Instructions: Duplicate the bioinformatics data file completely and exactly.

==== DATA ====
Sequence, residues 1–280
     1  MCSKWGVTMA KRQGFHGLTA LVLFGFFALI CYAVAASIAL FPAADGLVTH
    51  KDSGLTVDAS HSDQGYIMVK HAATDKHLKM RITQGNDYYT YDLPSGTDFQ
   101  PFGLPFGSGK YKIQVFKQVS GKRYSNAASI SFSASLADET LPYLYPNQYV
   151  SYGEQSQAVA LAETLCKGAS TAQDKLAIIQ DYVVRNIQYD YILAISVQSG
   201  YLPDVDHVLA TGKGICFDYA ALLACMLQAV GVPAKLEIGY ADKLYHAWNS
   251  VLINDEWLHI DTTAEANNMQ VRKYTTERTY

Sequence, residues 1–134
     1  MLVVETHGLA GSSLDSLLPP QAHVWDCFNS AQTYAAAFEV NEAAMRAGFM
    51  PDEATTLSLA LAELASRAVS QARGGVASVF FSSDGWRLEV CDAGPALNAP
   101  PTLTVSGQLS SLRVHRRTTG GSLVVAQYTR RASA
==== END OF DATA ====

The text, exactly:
Sequence, residues 1–280
     1  MCSKWGVTMA KRQGFHGLTA LVLFGFFALI CYAVAASIAL FPAADGLVTH
    51  KDSGLTVDAS HSDQGYIMVK HAATDKHLKM RITQGNDYYT YDLPSGTDFQ
   101  PFGLPFGSGK YKIQVFKQVS GKRYSNAASI SFSASLADET LPYLYPNQYV
   151  SYGEQSQAVA LAETLCKGAS TAQDKLAIIQ DYVVRNIQYD YILAISVQSG
   201  YLPDVDHVLA TGKGICFDYA ALLACMLQAV GVPAKLEIGY ADKLYHAWNS
   251  VLINDEWLHI DTTAEANNMQ VRKYTTERTY

Sequence, residues 1–134
     1  MLVVETHGLA GSSLDSLLPP QAHVWDCFNS AQTYAAAFEV NEAAMRAGFM
    51  PDEATTLSLA LAELASRAVS QARGGVASVF FSSDGWRLEV CDAGPALNAP
   101  PTLTVSGQLS SLRVHRRTTG GSLVVAQYTR RASA